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New Washington Post Editor Sally Buzbee

Photo by Knight Foundation (Creative Commons Attribution-Share Alike 2.0)

Reprinted with permission from Press Run

Two weeks ago, the Washington Post announced with much fanfare that it was hiring Sally Buzbee to be the newspaper's new editor. Arguably the second most important newspaper in America, the top Post position carries with it enormous responsibility. Buzbee will soon join the Post in June after she finishes up her current position as senior vice president and executive editor at the Associated Press, the world's largest news outlet.

But suddenly Buzbee and the AP are facing a barrage of questions after the wire service fired a young reporter, Emily Wilder, last week. She became the target of a concerted right-wing smear campaign because of Pro-Palestinian tweets she had posted in college. (Wilder is Jewish.)

The episode is not only troubling for the AP, it's also a problem for the Post, as it prepares for Buzbee's arrival. The last thing the paper wanted during this key transition period, which followed an extensive, high-profile search for a new leader, was to be grappling with doubts about Buzbee's leadership. But after watching the Winter debacle unfold last week at the AP, it's impossible to not question the editor's newsroom guidance. Post reporters must be wondering how many of them will soon be thrown under the bus by management if GOP activists target them with bogus claims of "bias."

The stunning termination of Wilder came just 16 days after the Stanford University graduate was hired. Her AP bosses told her she had violated the company's social media policy, although they would not detail how. Her college tweets became newsworthy when conservative news outlets, including The Federalist, Washington Free Beacon, and Fox News, began highlighting them and accusing AP of having an anti-Israel bias. Note that the entry-level Wilder was working out of the AP's Arizona bureau and her journalism output had nothing to do with the Middle East.

Wilder was initially assured that her previous tweets were not a problem and that the AP would stand by her, but was subsequently fired. The move came just days after the AP's bureau in Gaza was bombed by the Israeli military as part of the May fighting that erupted in the Middle East. The Israeli government insisted the building housed Hamas operatives, but has not provided definitive proof in order to justify leveling the AP building. Sen. Tom Cotton (R-AR) pointed to Wilder's employment and tweeted, "Not a surprise from a media organization that shared office space with Hamas." He also suggested the AP colluded with Hamas and allowed reporters to be used as "human shields."

It's clear the AP found itself in the middle of a contentious, international national standoff when the Wilder story, and the manufactured claims of bias, began to gain traction. Rather than defend its targeted reporter, AP caved to the right-wing mob, thereby encouraging to take aim at more journalists in the future.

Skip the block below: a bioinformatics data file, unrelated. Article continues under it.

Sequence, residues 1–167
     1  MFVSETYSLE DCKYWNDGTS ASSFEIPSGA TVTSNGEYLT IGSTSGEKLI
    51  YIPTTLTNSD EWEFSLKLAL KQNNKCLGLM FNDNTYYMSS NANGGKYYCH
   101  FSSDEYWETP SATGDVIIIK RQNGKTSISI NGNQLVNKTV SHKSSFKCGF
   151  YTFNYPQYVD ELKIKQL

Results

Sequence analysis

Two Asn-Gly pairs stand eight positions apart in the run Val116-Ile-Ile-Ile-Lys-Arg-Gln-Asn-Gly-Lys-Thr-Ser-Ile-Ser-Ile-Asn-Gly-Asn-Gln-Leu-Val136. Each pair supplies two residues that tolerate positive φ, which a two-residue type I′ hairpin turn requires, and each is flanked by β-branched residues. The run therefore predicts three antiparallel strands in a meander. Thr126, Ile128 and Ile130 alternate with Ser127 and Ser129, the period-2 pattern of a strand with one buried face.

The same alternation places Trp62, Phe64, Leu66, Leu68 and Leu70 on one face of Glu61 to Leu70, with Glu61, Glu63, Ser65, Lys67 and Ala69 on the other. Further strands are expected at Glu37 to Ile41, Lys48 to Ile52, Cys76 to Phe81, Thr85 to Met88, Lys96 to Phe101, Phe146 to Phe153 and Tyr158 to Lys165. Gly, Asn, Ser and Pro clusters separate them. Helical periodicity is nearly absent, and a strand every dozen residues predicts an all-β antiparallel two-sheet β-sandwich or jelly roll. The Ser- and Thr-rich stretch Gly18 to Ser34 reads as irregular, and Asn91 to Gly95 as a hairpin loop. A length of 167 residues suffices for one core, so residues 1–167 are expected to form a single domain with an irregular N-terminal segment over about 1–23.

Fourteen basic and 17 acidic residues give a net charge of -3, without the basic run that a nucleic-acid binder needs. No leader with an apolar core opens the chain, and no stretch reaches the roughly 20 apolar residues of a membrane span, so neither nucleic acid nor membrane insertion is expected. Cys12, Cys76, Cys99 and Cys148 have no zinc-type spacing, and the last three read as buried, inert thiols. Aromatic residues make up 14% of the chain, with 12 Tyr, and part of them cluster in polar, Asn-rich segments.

"It feels like AP folded to the ridiculous demands and cheap bullying of organizations and individuals," Wilder said. "What future does it promise to aspiring reporters that an institution like The Associated Press would sacrifice those with the least power to the cruel trolling of a group of anonymous bullies?" she asked.

Added Columbia Journalism School professor, Emily Bell, "If news organizations cave in to pressure from bad faith campaigns, if they cancel workplace contracts on the basis of student activism or errors of judgment, then the field will miss out on some great reporters. Newsrooms are too often unprepared for this predictable onslaught."

The whole sordid chapter represents a black eye for the AP and raises real questions about its leadership.

Whether Buzbee directly ordered Wilder's firing is unclear. But Buzbee is a high-ranking executive of the news operation and everyone there must have known terminating Wilder would generate lots of news. More significantly, Buzbee has remained silent as the controversy has escalated and the AP has been widely denounced within journalism circles for giving in to disingenuous, right-wing trolls who aren't seeking fairness, but instead want media scalps as trophies.

It was clearly Wilder's college tweets that prompted AP's review of her online content. But in justifying her firing, the AP insists she was fired "for violations of AP's social media policy" for tweets posted this year.

None of this is believable and it all reflects poorly on the AP. If the Associated Press did have a problem with a new hire regarding a tweet or two, the normal course of action would be for an editor to counsel that person and warn them about the social media policy. It's completely irrational to fire someone hired just 16 days earlier because of a minor social media guidelines transgression.

It's obvious the AP did not want to defend Wilder and did not want to do battle with bogus GOP allegations, so the wire service took the cowardly way out.

And soon, the AP's executive editor will be taking over the Washington Post newsroom.

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